I grew up in East Tennessee and completed my BA in Economics at the University of Georgia. As an undergraduate, I worked in a behavioral neuropharmacology lab studying the cognitive effects of the chemical contraceptives ethinyl estradiol and levonorgestrel. Now, I study astrocyte activation in Alzheimer's disease.
My doctoral work is designed to expand knowledge of the in vivo functioning of astrocytes in the context of AD-like pathology with a major focus on astrocytic excitatory amino acid transporters (EAATs). Astrocytic EAATs remove glutamate from the extracellular milieu and provide a primary defense against excitotoxic damage to synapses. Metabolically, EAATs couple synaptic glutamatergic activity to key electrochemical gradients that promote glucose utilization and glycolysis in astrocytes, leading to the release of lactate, the primary energy substrate for neurons. EAATs may also ameliorate excitotoxic damage to the structural barrier between vascular endothelium and perivascular astrocyte endfeet. The predominant EAAT, EAAT2 (rodent homolog glutamate transporter 1, Glt-1), accounts for the majority of glutamate uptake. Loss of EAAT2/Glt-1 is an early feature of AD that continues to diminish with worsening AD pathology. Normalization of Glt-1, by genetic overexpression or treatment with pharmacological agents that enhance its function, protects synaptic proteins, improves basal synaptic strength, and improves cognition. We hypothesize that upregulating astrocytic Glt-1 will mitigate AD pathology by improving lactate metabolism, restoring neurovascular function, and alleviating glutamate-mediated hyperexcitability.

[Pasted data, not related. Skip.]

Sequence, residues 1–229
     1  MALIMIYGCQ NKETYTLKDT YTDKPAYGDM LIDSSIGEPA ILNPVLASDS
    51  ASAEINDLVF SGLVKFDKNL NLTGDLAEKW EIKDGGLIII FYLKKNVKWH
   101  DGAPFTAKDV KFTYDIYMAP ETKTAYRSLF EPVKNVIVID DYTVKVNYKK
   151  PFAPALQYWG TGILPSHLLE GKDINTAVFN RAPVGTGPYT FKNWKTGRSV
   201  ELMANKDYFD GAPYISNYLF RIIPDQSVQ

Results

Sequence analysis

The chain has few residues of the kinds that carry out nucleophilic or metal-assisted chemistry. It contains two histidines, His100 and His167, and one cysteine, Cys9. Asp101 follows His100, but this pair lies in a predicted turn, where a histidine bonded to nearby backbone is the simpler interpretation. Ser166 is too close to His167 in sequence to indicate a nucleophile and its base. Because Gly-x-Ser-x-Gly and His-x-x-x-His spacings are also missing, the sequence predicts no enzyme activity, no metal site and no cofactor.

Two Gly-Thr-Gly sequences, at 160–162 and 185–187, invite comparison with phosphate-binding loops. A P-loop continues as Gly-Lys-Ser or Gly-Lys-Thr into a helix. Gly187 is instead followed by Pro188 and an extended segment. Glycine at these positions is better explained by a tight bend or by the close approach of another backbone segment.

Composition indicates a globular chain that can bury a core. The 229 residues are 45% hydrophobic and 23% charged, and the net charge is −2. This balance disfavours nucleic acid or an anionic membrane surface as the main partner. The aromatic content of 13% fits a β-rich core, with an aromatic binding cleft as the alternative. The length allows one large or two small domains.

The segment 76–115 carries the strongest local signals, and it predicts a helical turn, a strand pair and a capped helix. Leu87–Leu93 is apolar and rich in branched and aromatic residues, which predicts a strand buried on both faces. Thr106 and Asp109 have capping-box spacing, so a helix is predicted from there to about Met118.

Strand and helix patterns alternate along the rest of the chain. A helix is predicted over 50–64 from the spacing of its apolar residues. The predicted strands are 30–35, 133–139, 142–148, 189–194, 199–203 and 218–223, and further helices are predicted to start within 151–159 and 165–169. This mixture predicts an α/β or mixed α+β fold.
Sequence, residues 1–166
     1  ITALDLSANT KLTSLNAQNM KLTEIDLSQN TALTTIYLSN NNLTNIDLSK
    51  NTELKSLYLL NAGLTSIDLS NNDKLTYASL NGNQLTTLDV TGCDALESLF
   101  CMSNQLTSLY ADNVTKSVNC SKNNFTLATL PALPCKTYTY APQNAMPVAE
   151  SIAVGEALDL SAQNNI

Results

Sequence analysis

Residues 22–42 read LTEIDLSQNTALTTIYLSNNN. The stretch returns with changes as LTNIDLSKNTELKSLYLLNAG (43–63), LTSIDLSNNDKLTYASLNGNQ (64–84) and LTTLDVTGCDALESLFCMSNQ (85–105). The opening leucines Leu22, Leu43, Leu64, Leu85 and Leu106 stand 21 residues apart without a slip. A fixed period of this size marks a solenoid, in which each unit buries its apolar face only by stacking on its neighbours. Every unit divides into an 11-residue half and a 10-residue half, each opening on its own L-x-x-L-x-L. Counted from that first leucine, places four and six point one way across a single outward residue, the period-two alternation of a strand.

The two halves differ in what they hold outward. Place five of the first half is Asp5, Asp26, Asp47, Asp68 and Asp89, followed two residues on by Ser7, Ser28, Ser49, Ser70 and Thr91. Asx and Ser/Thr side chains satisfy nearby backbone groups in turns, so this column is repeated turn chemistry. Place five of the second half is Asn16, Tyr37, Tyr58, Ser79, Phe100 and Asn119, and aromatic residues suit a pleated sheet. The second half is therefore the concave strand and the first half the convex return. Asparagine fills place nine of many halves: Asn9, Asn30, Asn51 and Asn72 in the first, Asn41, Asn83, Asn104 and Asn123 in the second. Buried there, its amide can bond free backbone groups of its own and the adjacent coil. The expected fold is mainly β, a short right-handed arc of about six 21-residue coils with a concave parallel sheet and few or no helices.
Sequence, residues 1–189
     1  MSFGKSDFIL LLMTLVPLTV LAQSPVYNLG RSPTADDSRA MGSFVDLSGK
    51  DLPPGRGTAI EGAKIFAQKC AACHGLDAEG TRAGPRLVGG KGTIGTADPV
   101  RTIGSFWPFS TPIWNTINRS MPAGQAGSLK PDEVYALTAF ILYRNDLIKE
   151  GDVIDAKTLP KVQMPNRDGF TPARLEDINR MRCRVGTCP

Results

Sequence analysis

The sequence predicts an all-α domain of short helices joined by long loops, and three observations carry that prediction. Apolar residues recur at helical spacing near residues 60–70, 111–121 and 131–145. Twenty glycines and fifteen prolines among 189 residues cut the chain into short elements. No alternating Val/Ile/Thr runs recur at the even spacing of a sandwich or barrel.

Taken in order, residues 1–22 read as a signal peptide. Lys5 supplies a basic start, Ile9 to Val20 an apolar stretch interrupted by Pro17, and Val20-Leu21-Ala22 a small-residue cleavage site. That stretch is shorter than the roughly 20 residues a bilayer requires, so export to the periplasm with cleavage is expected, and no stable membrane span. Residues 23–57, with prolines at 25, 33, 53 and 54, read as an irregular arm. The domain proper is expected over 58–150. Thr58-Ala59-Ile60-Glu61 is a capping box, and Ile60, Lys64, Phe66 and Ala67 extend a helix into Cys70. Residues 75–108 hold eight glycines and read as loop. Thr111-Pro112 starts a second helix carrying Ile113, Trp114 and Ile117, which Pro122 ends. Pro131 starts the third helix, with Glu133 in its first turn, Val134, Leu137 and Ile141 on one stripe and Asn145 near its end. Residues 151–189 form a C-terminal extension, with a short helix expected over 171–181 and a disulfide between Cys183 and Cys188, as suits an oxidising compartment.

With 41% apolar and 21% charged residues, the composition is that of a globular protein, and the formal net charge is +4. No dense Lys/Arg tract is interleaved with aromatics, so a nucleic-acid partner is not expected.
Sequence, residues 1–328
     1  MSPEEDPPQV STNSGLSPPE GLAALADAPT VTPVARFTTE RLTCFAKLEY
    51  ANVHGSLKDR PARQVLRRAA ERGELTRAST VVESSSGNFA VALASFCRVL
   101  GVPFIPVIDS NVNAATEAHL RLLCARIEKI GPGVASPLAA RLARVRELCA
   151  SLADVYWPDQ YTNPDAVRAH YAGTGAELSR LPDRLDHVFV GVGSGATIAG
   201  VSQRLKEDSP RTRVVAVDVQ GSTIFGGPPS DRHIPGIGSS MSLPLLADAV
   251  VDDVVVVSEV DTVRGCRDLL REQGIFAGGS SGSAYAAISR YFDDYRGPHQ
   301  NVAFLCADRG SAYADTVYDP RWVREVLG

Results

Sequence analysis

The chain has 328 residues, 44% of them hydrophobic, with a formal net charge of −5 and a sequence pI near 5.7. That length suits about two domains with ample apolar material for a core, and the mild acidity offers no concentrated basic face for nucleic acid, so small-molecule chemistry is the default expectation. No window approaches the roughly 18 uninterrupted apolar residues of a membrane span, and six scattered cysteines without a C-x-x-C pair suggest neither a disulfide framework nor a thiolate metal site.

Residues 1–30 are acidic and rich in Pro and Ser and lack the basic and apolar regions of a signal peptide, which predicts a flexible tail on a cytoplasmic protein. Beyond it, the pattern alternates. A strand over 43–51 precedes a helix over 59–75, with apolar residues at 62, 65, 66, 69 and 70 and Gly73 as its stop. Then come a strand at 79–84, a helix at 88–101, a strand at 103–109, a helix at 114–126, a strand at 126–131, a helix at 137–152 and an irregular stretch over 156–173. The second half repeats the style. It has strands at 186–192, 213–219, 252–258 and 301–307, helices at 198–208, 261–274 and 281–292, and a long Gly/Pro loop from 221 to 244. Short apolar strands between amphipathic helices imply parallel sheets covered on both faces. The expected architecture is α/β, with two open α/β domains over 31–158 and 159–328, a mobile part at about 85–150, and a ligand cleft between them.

Sanders-Brown Center on Aging T32
Professional Student Mentored Research Fellowship
- Simone, J.; Bogue, EA ; Bhatti, DL ; Day, LE ; Farr, NA ; Grossman, AM ; Holmes, PV "Ethinyl estradiol and levonorgestrel alter cognition and anxiety in rats concurrent with a decrease in tyrosine hydroxylase expression in the locus coeruleus and brain-derived neurotrophic factor expression in the hippocampus." Psychoneuroendocrinology 62, (2015): 265-78. [PubMed Link] | [ Full text ]